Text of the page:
Of course there's the "playing multiple nights somewhere smaller" argument that gets tossed about, and theoretically I'm in favour of that. I say theoretically because in actual reality where I spend 10 months of the year on the road and miss my children like a severed limb anything that keeps the touring shorter is a great boon. We have shows booked either side of the UK arena tour stretching off around the world for a long time, all of which it should be noted are in the biggest venues we think we can play, and I would also appreciate Frank's back not collapsing under the strain of totally constant touring, so in this case, short is good. Maybe there'll be a less busy period at some point where we can tour the UK again for a four week stretch camping out for multiple days at venues, but not at the moment.

It's an odd clash of desires. As a band it's exciting when a show sells out, and we kind of hope for them to do so. But as soon as one does it means there's someone who can't get in, which gives an immediate whiff of elitism. And, internet person, with approaching half the tickets gone for the February tour in one week of sales (except for Portsmouth which is most likely already sold out, and Edinburgh which surprisingly is almost there as well), it seems that these shows will sell out, so we're possibly excluding people again. Which is not nice.

Fi, Tue 29th October 2013, 08:42:32 PM
finally getting around to catching up with my reading, and i'm amazed at some people's reactions. not sure if it's a good comparison, but i was incredibly lucky to get tickets for the pixies gig coming up in november in dublin, €49.55 each (about £42.50) - a ticket for them in london is £30 plus fees. €50 is considered a bit on the cheaper side for dublin - generally tickets are €60/£50 each. add in €5 for a pint...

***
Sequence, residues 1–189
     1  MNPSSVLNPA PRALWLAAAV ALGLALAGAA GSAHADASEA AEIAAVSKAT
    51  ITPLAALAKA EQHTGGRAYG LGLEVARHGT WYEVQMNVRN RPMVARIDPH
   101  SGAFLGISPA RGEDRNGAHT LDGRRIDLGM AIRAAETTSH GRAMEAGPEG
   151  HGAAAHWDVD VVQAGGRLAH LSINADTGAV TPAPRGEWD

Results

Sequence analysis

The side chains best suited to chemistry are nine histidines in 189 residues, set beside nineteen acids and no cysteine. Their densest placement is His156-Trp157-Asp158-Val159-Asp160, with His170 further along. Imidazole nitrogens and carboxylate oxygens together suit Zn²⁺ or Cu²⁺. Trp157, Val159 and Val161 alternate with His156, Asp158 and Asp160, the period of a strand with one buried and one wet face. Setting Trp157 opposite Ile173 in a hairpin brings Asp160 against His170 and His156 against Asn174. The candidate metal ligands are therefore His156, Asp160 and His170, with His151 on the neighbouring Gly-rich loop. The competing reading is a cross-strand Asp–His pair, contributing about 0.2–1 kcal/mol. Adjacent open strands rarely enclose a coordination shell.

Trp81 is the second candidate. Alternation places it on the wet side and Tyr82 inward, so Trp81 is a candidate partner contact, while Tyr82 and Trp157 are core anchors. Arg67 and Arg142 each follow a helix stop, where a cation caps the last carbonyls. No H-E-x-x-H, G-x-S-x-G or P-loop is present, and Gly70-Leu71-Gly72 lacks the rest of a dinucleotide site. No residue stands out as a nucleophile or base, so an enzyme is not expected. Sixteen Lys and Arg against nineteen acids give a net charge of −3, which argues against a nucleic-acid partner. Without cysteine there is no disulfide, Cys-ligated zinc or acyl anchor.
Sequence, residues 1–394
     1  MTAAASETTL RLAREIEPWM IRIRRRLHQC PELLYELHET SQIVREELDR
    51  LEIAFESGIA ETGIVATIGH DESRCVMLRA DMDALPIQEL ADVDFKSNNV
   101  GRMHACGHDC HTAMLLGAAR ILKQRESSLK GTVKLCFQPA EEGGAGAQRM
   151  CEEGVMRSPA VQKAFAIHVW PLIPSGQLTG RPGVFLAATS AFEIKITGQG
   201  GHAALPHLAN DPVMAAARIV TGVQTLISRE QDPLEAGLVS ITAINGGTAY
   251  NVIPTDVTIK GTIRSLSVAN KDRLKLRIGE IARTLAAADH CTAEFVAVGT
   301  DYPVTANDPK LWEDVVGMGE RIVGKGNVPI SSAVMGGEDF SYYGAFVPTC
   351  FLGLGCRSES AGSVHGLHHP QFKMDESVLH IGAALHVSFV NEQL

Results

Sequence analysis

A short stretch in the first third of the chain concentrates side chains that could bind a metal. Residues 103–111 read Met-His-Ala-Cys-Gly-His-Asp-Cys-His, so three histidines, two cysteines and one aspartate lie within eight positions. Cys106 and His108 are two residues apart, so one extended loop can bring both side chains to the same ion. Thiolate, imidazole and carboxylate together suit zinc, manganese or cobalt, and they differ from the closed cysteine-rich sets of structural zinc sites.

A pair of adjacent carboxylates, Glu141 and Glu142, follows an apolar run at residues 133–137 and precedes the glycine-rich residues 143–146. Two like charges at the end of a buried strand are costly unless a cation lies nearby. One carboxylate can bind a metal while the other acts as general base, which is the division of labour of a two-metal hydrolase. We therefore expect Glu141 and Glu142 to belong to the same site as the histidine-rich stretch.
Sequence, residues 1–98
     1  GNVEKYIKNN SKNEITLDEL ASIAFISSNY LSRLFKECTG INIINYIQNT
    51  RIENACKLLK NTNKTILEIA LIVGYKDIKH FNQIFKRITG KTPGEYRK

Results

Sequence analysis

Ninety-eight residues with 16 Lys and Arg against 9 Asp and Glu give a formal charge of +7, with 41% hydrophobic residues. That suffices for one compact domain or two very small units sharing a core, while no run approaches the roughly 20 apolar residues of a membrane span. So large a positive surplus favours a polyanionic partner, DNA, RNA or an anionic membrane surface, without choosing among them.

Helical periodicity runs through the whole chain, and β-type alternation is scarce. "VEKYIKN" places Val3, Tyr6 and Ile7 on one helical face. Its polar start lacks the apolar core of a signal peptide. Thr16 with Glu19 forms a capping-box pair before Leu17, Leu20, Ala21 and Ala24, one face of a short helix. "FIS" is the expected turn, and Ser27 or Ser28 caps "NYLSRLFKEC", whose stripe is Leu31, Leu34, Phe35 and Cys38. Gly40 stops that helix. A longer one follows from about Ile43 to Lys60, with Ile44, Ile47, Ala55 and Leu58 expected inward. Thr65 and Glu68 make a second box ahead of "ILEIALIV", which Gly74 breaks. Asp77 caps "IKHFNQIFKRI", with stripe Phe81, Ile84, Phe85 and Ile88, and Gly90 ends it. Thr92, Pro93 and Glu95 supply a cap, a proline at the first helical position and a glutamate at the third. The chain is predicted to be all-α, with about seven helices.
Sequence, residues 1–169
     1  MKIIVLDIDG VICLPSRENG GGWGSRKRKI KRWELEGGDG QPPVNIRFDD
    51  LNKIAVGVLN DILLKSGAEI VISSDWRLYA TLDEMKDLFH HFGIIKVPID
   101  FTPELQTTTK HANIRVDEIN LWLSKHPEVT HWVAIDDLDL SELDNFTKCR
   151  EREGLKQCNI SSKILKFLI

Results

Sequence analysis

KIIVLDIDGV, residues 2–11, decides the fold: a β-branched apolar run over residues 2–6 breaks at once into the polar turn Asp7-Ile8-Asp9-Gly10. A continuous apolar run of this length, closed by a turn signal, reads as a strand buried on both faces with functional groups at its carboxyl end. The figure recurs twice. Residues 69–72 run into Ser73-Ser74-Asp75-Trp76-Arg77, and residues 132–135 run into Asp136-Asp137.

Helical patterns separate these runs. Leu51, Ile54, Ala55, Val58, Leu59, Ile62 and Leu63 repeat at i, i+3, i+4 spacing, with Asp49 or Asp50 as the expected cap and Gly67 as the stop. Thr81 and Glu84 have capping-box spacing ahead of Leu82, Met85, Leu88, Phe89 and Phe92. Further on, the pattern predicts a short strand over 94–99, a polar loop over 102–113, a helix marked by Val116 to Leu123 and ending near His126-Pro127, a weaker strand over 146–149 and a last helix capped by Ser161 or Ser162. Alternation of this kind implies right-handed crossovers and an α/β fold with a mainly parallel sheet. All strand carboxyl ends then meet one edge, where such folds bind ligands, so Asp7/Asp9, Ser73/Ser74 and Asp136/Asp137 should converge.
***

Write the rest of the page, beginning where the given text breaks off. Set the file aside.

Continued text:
on a happier note, i'm forking out for a plane ticket to edinburgh and a room, plus of course a ticket to the corn exchange - roll on february!
Victoria, Tue 29th October 2013, 07:30:30 AM
I have a lot of respect for you, Nigel. Thanks for being just the way you are.

See you out there again soon,
Robin, Sun 15th September 2013, 11:41:22 PM
Hi Nigel,

I was rather a quite a fan of your solo work (although I hate using the word 'fan') and am surprised you have a low opinion of it. I still remember your show at the Dublin Castle in 2002 as being spectacular. That drum solo to end 'Gulag Parenting' brought the house down! I also saw you perform a more intimate show at the Betsey Trotwood in Islington back in 2003 (just you and Jason Moulster) and still refer to it as one of the finest shows I've seen. 'Pleasure Babies' is one of my favourite songs and I used to use it as a ringtone a few years back. All this is really no exaggeration! I even trained it from Southampton to Oxford once on a Sunday night to try and catch you do a show but ended up getting lost and missing it. It's a shame you don't think much of it but I hope you're enjoying what you're doing now, and that you enjoyed making your solo records.



P.S. 'Conspiracy Theory' - another blinder!
Wendy, Sat 7th September 2013, 12:59:42 PM
I too saw that tweet, and had the same reaction. Your points are spot on. Another thing about arenas is that they have lots of seats, which many people prefer for a variety of reasons. I’ve had people like your music and agree to go to a show with me, only to pull out when they found out that it was standing only. And yes, those are some seriously cheap arena show prices. I’m used to paying at least $98/£76 for Springsteen, and that’s before booking fees.

To the "playing multiple nights somewhere smaller" argument, as Sally points out below, if you were to do that, there would be people who would still want to go to as many shows as possible. Ten nights at a smaller venue in NYC? I’d set up a tent outside the venue and be at every single one of them. I’d still do that if we were talking about arenas (stop looking at me like that, readers!).

I’m proud of Frank, and all of you, for reaching arenas. It’s a milestone that’s well deserved. Part of the fun of a live show is meeting other fans and singing at the top of your lungs with them and the band. That’ll still be there at large shows, and it’ll be even better. There’s nothing like hearing a whole arena or stadium full of people singing along to a song that you love.